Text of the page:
It is important that any Property Settlement Agreement reflecting suspension of alimony based upon cohabitation reflect current law. It is also important to have the drafter clarify whether or not alimony will terminate under all circumstances due to cohabitation. Justice Daniel O'Hern dissented in the Quinn decision deriding the majority's decision to form an absolute basis to terminate alimony based upon cohabitation with no inquiry into economic needs and basing its decision on grounds of contract law, while ignoring realities regarding what might be the disparity of the parties when initially entering into a Property Settlement Agreement. As Justice O'Hern mentions, the current revisions in the alimony statutes state that the courts "may" terminate or modify support based upon cohabitation without using the imperative "shall."  He harks back to the economic needs test of Gayet rather than the axiomatic contract principle applied in Konzelman.  He also raises a few other points, such as the fact that the cohabitation bans do not seem to apply to same sex relationships and that there is not a similar requirement on the provider of alimony to avoid cohabitation. In other words, he sees the cohabitation provision as a punishment on the former spouse.

It will be interesting to see whether the new alimony revisions will resolve this issue since it does go back to applying many of the factors cited in Gayet although it does not seem to necessarily apply to negotiated Property Settlement Agreements. Depending upon which side you are on, it is important to discuss this issue with your attorney before signing any PSA if you think this might be an issue.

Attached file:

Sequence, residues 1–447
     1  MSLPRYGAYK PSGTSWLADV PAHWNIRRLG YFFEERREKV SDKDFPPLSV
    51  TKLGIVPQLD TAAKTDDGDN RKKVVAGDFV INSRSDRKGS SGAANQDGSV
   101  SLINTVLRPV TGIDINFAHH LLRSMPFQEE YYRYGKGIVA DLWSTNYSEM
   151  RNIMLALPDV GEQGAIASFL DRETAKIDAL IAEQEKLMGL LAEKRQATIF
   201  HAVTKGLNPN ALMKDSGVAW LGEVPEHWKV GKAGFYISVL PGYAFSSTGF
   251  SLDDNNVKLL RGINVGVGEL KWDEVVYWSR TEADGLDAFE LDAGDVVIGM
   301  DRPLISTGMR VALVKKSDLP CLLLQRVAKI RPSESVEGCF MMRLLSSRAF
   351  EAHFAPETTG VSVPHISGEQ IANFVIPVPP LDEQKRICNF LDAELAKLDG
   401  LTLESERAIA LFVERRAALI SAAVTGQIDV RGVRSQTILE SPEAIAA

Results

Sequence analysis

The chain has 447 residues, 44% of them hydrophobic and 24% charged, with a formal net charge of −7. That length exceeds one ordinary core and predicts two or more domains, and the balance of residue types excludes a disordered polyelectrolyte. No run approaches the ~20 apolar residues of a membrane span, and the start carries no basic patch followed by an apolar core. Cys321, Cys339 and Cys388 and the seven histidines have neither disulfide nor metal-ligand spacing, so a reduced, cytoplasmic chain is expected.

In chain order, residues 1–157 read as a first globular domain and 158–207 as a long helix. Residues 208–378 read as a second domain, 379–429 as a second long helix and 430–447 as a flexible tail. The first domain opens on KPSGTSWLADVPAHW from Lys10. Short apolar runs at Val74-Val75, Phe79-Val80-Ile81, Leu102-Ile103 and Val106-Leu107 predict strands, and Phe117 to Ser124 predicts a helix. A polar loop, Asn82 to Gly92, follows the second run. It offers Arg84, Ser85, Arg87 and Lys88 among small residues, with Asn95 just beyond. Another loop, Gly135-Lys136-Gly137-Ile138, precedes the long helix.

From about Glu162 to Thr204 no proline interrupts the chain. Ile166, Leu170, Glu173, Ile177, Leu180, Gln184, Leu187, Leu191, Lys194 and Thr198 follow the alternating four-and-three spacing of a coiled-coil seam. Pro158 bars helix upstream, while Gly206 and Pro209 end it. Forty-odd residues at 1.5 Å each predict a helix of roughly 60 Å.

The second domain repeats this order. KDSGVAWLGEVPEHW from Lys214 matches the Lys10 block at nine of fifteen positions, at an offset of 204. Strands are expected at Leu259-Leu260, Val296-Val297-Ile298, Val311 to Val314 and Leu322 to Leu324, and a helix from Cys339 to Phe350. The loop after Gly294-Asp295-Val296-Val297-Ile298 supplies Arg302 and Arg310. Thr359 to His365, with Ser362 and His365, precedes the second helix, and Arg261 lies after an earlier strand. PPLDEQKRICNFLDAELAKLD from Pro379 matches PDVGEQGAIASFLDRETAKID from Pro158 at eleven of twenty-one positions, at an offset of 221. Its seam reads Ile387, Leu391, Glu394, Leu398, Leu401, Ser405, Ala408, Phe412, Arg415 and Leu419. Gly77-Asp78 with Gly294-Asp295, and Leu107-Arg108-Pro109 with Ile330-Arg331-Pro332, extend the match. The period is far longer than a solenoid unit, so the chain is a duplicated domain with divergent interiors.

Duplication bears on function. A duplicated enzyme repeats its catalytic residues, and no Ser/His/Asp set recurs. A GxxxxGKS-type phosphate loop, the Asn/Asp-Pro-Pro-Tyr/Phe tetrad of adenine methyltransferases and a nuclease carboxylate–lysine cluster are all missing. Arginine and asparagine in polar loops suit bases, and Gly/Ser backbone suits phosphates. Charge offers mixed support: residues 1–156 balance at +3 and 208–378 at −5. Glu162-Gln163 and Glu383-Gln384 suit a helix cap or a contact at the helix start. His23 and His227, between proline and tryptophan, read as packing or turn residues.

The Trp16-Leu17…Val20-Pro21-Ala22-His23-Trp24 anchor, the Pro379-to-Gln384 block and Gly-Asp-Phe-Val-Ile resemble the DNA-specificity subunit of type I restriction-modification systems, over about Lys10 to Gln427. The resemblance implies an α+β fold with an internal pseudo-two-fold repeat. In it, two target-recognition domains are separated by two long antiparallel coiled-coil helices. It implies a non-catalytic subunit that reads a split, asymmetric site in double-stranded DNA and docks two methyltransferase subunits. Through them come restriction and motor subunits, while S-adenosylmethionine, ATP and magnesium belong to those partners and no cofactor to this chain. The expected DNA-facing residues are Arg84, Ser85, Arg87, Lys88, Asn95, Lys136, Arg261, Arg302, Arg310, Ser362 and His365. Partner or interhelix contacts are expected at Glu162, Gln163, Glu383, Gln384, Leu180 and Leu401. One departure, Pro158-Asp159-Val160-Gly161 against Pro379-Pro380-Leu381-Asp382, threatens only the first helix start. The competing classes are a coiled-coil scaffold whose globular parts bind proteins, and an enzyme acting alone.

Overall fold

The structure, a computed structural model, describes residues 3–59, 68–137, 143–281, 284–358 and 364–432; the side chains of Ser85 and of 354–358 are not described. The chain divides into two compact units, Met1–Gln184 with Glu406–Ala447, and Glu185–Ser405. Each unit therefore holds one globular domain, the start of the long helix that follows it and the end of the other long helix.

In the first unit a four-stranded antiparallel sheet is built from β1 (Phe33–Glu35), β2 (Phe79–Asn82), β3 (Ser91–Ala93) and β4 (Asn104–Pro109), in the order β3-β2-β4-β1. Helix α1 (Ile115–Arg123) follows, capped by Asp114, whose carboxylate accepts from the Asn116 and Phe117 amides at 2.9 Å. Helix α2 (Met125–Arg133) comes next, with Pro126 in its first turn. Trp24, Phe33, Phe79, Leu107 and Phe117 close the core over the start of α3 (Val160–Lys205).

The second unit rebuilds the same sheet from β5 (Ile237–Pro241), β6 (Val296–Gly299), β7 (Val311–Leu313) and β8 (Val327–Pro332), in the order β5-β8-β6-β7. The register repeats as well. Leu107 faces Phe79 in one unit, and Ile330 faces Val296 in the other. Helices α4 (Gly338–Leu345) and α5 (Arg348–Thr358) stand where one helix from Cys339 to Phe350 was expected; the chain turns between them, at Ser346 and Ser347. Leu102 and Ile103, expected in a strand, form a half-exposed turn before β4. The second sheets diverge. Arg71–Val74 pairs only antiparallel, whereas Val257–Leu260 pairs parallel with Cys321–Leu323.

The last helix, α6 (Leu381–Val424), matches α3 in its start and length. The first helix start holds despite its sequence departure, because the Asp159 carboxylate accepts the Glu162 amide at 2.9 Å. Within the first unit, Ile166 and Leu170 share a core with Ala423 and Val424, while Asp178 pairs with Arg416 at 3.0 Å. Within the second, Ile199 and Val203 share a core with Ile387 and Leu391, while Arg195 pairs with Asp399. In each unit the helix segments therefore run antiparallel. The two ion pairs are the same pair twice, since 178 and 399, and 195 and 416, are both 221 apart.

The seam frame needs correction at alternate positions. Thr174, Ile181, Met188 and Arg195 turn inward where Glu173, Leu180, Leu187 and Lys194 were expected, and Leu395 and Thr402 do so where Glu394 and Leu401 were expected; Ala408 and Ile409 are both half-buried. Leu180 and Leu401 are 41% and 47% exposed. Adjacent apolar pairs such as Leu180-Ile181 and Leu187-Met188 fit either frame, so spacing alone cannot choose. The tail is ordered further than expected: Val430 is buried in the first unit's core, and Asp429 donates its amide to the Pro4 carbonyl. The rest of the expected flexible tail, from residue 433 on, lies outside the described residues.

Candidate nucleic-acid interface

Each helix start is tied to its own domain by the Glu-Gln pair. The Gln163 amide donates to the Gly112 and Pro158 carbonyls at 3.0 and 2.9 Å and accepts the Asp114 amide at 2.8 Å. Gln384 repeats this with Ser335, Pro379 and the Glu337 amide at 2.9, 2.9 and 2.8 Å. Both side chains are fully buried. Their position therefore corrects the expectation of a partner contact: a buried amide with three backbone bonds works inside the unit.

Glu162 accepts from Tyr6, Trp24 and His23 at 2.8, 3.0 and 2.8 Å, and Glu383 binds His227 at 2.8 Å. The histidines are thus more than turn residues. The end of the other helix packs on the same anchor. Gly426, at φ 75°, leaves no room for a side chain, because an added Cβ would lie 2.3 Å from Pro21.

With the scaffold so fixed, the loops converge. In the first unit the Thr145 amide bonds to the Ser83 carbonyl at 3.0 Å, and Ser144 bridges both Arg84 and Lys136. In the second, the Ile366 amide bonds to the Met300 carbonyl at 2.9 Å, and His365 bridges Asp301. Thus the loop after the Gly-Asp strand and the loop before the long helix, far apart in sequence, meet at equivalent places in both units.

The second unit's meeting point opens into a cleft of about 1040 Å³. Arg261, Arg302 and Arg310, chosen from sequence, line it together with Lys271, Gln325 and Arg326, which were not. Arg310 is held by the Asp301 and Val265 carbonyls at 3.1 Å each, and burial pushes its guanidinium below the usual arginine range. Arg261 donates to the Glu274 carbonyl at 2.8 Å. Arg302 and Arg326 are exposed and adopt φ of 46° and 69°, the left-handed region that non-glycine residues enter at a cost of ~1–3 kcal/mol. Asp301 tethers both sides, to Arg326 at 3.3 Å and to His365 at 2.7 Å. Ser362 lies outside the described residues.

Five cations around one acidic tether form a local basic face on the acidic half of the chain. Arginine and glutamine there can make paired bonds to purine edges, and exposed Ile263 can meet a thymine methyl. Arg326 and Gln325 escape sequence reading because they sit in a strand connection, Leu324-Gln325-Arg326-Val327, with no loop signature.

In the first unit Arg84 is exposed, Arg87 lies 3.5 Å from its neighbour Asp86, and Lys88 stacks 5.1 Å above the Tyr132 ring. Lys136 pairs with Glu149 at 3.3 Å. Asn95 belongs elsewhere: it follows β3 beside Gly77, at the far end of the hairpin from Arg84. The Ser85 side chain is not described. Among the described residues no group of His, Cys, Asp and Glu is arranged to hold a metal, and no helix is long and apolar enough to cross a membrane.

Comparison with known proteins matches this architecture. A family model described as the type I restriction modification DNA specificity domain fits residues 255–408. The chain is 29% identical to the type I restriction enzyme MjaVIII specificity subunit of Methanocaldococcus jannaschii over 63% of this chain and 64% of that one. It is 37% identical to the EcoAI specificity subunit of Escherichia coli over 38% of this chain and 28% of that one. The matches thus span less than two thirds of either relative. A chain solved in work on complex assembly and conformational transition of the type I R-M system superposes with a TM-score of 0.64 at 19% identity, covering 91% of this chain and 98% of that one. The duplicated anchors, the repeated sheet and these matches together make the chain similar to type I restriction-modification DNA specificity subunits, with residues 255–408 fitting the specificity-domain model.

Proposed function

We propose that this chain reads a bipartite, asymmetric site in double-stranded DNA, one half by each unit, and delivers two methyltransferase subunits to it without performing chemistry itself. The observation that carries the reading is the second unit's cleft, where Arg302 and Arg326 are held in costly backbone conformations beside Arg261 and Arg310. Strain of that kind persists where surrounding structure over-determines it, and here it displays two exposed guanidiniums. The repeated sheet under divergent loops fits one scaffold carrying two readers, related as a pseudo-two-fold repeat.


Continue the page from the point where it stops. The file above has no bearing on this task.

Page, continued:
New Jersey Supreme Court case on the rights of parents to free legal counsel when facing the termination of parental rights

The New Jersey Supreme Court just issued a decision only yesterday affirming that a parent who previously placed her child in foster care had a right to free legal counsel when the foster care agency sought to terminate her parental rights so that her child could be placed up for adoption. See In the Matter of Adoption of a Child by J.F.V. and D.G.V.; (A-39-15). The decision in favor of the mother was unanimous. This right had already been established for parents in need of representation when facing termination of parental rights in cases involving the Division of Child Protection and Permanency (“DCPP”). N.J. Div. of Youth & Fam. Servs. v. B.R., 192 N.J. 301 (2007). The right to representation for indigent parents when facing state inspired termination of parental rights was established under Federal law in Lassiter v. Dept. of Social Services, 452 U.S. 18 (1981).

This case involved placement by a private agency rather than a state agency. The issue of the rights for parents falls under N.J.S.A. 9:3-47 or -48. rather than under N.J.S.A. 30:4C et seq. and was a matter of first impression in New Jersey. The issue at hand in this case was not whether the indigent parent had a right to representation but whether she waived that right according to the arguments presented on behalf of the proposed adoptive parents. There were court notices during the trial phase that advised that the indigent mother had a right to appointed counsel. However, at one case management conference, the trial court briefly informed the mother of a right to representation, but did not inform her that a lawyer would be appointed for her if she could not afford one. She did take advantage of her opportunity to refuse to consent to the adoption, but was not adequately informed of her rights at trial to have an attorney appointed.